ConvaTec Flexi-Seal Signal FMS Features
- Temporary fecal diversion and containment system
- At one end, the soft silicone catheter has a retention balloon that is inserted into the rectum
- At the opposite end, the catheter has a connector for attaching the collection bag
- Protect wounds, surgical sites, and burns from fecal soiling
- Minimize soiling of bed cloths and linens
- Sampling Protection, Blue sampling port allows safe and easy stool collection helping minimize the risk of fecal exposure
- With 6x more odor-capturing compared to the charcoal-filtered collection bags. This filter also eliminates the need to release the excess gas from the collection bag manually
ConvaTec Flexi-Seal Fecal Management System Benefits
- It helps to manage odor associated with fecal incontinence
- Designed to provide a more pleasant environment for both patients and their caregivers
- The specialized charcoal filter keeps air flowing, providing exceptional deodorization and reducing ballooning
- Collection bags made of PVC are inferior at blocking gas transmission
- Unique cuff-finger pocket for easy insertion
- The soft, flexible silicone catheter can collapse to an 8mm diameter to ease insertion and removal
Parts Description of Flexi-Seal Bowel Management System
- The SIGNAL indicator provides a visual indication to help prevent overfilling, which helps indicate optimal fill.
- Soft retention balloon with the catheter.
- Patented blue finger pocket for ease of insertion.
- Charcoal-filtered vented bag.
- The sampling port provides access to the catheter for safe and easy stool collection.
- Medication delivery via irrigation port.
When to use Fecal Management System?
For use to manage fecal incontinence by collecting liquid to semi-liquid stool and providing access to administer medications.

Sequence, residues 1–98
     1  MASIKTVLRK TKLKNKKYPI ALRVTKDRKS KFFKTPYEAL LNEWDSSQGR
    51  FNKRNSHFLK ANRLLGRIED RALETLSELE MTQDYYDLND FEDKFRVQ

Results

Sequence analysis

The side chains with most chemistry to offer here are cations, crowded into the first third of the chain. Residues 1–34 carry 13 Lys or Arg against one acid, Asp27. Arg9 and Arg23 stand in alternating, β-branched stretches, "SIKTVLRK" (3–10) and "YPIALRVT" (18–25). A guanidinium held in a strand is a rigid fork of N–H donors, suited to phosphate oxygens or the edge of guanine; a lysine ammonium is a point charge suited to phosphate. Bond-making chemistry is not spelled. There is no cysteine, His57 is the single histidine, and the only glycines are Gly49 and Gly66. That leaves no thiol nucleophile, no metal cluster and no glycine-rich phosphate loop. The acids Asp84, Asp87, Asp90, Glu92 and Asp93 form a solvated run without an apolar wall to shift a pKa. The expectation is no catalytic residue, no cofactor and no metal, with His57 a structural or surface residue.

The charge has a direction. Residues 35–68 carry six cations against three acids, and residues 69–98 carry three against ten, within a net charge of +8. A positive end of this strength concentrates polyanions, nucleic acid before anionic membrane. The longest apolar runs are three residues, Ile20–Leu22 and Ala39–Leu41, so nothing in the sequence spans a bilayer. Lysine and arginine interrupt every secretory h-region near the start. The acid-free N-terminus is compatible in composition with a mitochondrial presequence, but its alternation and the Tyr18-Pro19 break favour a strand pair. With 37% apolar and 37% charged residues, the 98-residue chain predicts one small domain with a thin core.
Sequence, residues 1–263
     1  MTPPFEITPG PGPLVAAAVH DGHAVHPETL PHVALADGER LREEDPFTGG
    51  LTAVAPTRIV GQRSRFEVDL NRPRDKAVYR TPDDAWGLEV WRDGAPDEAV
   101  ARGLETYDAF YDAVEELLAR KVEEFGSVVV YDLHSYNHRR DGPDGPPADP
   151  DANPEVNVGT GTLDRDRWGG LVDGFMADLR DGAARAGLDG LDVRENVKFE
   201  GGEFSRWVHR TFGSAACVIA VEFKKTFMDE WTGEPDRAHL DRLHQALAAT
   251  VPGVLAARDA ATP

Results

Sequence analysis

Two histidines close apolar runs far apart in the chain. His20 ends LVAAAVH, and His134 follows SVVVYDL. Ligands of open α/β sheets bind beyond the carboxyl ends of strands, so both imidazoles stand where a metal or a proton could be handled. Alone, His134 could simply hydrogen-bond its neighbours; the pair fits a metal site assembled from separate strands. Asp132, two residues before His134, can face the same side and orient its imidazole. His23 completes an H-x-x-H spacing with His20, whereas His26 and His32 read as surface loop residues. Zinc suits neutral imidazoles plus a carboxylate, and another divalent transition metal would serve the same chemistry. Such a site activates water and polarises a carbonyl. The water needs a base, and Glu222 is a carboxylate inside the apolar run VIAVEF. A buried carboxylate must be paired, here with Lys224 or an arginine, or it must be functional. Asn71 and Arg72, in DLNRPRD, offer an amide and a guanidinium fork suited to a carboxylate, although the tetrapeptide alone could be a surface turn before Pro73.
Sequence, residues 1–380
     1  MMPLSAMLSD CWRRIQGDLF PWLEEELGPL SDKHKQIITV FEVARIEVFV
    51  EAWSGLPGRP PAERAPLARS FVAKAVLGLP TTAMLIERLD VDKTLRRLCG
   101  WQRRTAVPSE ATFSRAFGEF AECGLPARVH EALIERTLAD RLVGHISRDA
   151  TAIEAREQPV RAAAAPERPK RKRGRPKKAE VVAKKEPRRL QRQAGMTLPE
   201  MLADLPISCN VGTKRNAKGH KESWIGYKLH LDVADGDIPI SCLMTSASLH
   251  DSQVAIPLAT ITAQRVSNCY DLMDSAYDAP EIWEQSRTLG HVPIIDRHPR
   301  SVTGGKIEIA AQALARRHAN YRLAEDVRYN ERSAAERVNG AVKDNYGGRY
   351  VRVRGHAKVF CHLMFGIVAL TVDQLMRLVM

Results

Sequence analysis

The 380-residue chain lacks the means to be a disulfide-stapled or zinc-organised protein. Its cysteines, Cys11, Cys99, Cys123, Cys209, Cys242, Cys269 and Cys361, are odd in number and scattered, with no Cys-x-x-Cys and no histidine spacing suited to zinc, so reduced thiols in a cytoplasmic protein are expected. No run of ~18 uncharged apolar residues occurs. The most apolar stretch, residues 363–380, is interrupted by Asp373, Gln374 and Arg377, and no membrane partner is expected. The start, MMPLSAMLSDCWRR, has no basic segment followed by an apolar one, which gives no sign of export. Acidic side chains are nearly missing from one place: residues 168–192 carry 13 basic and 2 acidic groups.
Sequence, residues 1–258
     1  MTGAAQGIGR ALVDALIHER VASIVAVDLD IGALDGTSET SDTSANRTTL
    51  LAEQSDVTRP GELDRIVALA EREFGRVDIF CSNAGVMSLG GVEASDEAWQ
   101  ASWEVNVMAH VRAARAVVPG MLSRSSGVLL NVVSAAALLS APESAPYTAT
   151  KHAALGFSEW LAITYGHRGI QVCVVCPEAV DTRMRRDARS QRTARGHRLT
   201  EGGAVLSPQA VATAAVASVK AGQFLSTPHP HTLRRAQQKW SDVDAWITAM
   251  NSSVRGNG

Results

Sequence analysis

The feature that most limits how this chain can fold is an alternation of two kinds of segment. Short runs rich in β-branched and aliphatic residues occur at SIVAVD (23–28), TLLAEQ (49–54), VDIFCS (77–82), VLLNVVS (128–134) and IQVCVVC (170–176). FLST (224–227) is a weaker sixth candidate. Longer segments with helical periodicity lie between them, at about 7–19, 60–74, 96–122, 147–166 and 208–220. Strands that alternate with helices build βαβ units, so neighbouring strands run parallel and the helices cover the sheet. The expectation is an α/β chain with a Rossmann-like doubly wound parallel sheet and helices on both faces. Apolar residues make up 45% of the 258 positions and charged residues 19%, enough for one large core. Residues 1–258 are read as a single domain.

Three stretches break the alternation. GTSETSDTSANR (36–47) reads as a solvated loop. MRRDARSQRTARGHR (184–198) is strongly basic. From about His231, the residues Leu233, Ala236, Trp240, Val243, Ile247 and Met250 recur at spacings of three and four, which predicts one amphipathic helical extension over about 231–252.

- Flexiseal tube signal fecal management system is not intended for use for more than 29 consecutive days and pediatric patients (patients under 18 years of age) as its use has not been tested in this population.
- The Flexi-Seal PROTECT Fecal Management System should not be used on individuals who have suspected or confirmed rectal mucosal impairment, have had rectal surgery within the last year, have any rectal or anal injury, or have had an allergic reaction to any component within the system.
- The device may be changed as needed to perform a normal patient assessment.
- The device is not intended for use for more than 29 consecutive days.
- If the product packaging is damaged, do not use it.
How does the Flexi-Seal Signal system work?
The system features a soft silicone catheter that is inserted into the rectum to divert and contain fecal matter. The integrated indicator balloon signals when the catheter needs to be replaced, enhancing patient care and hygiene.
Frequently Bought Together
Also Available (Separately)
How to insert Flexi-Seal Rectal Tube?
1. Remove any indwelling or anal device prior to insertion of Flexi-Seal™ SIGNAL™ FMS device. Unfold the length of the catheter to lay flat on the bed, extending the collection bag towards the foot of the bed. Insert a lubricated, gloved index finger into the blue retention balloon cuff finger pocket. Coat the balloon end of the catheter with lubricating jelly